While grounded in Armenian history, My Relic speaks to the larger experiences of displacement, trauma, and resilience. “So many non-Armenian community members can relate to the ‘Reclamation’ room. We’ve had African-American community members say, ‘this piece speaks to me, it reminds me of our struggles,’” recalled Oganyan. She shared that another visitor with a Native American background came up to her crying after leaving the room. “‘This is exactly the history we have and we continue to live on American soil,’” she told her.
“I have seen 30 people come out of those doors with tears streaming down their faces,” said Baghdassarian. “As an artist and a curator, when I know we’re successful is when I can make people feel.”
My Relic, by She Loves Collective and curated by Adrineh Baghdassarian, continues at 117 North Artsakh Avenue (Glendale, California) through May 2. The She Loves Collective is comprised of Adrineh Baghdassarian (founder); Nelly Achkhen (co-Founder); Anaeis; Ani Carla Kalafian; Ani Grigorian; Ani Nina Oganyan; Armineh Hovanesian; Evleen Hacopian Bakhtamian; Helena Grigorian; Jack Hagopian; Leona Abrahamian; Mari Mansourian; Nairi Bandari; Rouzanna Berberian; and Taline Olmessekian.
Did You Know These Museums Were Free for New Yorkers?
The “Free Admission” campaign is advocating to make ticket pricing information more transparent to visitors, who may be confused or misled by institutions’ language.
AI Images Visualizing Trump’s Arrest Send Internet Into a Frenzy
The pictures, created using Midjourney, depict the former president’s greatest fantasy: being dragged away by police in front of the cameras.
Haggerty Museum of Art Presents Tomás Saraceno in Dialogue With Dr. Somesh Roy
The artist and researcher will explore soot’s effects on climate change and public health in this online conversation.
Some AI Artworks Now Eligible for Copyright
New guidance from the US Copyright Office sets some policies around AI-generated images.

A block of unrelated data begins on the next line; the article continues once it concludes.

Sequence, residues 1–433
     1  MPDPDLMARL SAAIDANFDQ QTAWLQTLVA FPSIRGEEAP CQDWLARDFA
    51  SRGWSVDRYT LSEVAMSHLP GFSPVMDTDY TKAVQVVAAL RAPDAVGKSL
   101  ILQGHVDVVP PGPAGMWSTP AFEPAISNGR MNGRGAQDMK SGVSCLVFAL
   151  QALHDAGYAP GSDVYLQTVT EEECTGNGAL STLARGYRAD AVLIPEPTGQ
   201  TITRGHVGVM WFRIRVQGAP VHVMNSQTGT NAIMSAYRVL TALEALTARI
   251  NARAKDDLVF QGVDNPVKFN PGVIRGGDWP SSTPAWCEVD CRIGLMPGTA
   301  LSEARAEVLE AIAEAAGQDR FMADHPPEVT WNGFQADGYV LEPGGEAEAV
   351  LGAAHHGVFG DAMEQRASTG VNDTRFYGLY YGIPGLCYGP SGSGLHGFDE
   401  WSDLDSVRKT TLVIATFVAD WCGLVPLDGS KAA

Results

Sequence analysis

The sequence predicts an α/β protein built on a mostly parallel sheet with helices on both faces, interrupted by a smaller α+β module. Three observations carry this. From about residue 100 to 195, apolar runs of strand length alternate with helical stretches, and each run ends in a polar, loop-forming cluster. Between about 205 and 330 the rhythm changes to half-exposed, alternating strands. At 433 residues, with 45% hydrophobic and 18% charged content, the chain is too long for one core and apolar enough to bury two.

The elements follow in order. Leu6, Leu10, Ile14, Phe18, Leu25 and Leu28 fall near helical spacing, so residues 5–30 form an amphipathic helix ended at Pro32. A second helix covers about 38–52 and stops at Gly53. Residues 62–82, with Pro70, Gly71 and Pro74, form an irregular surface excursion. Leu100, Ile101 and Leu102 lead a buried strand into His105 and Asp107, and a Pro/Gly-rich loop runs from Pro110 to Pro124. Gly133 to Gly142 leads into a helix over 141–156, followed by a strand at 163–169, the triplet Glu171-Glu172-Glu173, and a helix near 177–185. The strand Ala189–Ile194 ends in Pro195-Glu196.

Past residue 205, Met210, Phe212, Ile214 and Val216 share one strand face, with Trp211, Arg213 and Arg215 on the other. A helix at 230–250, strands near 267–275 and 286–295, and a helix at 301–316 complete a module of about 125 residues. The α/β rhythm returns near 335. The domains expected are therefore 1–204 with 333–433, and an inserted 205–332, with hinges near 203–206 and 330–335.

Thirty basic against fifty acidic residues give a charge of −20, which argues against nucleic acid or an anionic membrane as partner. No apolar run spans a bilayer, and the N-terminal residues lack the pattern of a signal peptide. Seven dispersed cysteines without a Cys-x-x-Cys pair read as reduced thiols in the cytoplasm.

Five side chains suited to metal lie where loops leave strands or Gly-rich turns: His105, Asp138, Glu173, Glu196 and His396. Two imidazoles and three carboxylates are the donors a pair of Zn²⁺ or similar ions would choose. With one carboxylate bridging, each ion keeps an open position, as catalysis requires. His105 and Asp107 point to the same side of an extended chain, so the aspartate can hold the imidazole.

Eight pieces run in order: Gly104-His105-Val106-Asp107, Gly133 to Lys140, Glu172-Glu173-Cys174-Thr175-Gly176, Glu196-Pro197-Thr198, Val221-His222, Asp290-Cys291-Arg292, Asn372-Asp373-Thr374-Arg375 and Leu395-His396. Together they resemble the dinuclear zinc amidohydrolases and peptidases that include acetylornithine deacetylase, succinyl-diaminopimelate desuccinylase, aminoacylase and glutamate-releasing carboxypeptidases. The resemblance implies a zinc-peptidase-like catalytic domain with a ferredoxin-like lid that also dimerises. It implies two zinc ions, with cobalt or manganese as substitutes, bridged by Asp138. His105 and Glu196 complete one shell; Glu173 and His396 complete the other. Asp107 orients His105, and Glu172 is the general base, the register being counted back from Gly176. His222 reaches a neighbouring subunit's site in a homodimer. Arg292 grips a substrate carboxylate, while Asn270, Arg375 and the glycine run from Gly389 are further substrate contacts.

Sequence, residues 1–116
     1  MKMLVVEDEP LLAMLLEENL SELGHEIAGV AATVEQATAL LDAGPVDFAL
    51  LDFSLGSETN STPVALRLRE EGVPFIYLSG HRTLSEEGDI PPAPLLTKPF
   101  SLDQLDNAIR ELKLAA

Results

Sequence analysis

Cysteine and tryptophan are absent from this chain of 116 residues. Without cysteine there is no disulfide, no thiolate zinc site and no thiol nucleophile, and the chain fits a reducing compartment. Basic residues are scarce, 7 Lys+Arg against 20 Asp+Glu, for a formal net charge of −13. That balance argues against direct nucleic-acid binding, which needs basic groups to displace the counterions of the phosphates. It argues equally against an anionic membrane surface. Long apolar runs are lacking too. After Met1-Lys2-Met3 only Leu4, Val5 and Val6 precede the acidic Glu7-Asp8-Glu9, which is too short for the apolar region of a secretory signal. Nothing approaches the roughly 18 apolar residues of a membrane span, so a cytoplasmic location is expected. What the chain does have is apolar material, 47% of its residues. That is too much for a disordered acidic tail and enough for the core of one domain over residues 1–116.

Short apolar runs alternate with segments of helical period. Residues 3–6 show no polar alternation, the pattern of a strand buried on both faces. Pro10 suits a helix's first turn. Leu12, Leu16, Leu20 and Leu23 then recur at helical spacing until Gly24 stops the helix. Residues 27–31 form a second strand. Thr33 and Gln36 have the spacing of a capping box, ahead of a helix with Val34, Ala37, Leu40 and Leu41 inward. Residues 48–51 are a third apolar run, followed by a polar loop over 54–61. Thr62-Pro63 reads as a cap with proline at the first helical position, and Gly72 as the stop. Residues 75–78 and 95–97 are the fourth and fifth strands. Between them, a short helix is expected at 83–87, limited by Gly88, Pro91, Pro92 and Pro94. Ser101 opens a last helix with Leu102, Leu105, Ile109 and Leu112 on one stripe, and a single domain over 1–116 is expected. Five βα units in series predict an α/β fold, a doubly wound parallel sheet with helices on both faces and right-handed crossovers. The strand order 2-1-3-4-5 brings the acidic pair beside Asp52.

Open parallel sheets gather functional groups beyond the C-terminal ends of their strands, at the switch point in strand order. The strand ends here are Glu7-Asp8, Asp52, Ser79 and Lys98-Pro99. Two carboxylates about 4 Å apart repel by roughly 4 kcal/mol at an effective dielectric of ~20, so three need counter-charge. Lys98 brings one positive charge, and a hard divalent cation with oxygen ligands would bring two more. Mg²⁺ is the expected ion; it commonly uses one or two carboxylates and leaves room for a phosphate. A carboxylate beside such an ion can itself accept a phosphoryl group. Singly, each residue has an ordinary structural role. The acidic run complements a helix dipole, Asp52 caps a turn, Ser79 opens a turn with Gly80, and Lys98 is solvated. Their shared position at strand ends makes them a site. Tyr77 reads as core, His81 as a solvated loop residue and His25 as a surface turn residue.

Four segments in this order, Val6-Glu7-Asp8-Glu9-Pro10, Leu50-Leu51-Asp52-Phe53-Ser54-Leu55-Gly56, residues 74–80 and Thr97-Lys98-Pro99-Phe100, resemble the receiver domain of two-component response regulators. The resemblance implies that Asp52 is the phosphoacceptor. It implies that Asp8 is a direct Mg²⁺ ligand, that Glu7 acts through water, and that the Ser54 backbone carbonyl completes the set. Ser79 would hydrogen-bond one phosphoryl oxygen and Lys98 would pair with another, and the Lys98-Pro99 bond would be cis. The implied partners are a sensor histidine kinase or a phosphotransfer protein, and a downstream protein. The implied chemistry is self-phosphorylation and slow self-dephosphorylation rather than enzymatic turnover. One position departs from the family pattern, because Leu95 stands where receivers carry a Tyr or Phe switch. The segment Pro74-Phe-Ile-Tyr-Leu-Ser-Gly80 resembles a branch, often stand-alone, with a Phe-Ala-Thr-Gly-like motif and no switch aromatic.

NYC Hispanic Society Workers to Strike Indefinitely
One worker said the museum’s “skeletal” workforce bars the institution from functioning to its potential.
McKnight Visual Artist Fellows Discussion Series at the Minneapolis Institute of Art
The series features 2021 Fellows David Bowen, Mara Duvra, Rotem Tamir, Ben Moren, and Dyani White Hawk in conversation with renowned curators and critics.
In Search of Inclusive South Asian Futurisms
We have been dangerously siloed for far too long by colonial constructs of race, nation, and time that separate, divide, and deny us our very being.
What Do Shtreimels and Cowboy Hats Have in Common?
A chance meeting on the subway introduced photographer Francesca Magnani to the multicultural world of Brooklyn milliner Richard Faison.
Nevada Museum of Art Presents Adaline Kent: The Click of Authenticity
For the first time in nearly 60 years, the innovative yet under-recognized artist is the subject of a retrospective exhibition. On view in Reno, Nevada.
Richard Hull Completes the Picture
Once known for his abstracted portraits, the Chicago artist is now exploring new directions.
You Too Can Have Your Art on a Postage Stamp
The process isn’t complicated, and thousands of people submit themselves for the talent pool every year.
The Public Theater in NYC Presents Plays for the Plague Year
Pulitzer Prize-winning playwright Suzan-Lori Parks’s theatrical concert chronicles the 2020 lockdown and the hope and perseverance that emerged from it.
Bobby Wilson Combats Indigenous Stereotypes Through Humor
The artist-performer’s career undulates, ever so gracefully, across multiple mediums and registers of generational pain, healing laughter, and Indigenous joy.
Rare 19th-Century Silhouette Album’s Secrets Unlocked
Traveling portrait artist William Bache’s album depicts famous figures like Thomas Jefferson as well as people whose identity was previously unknown.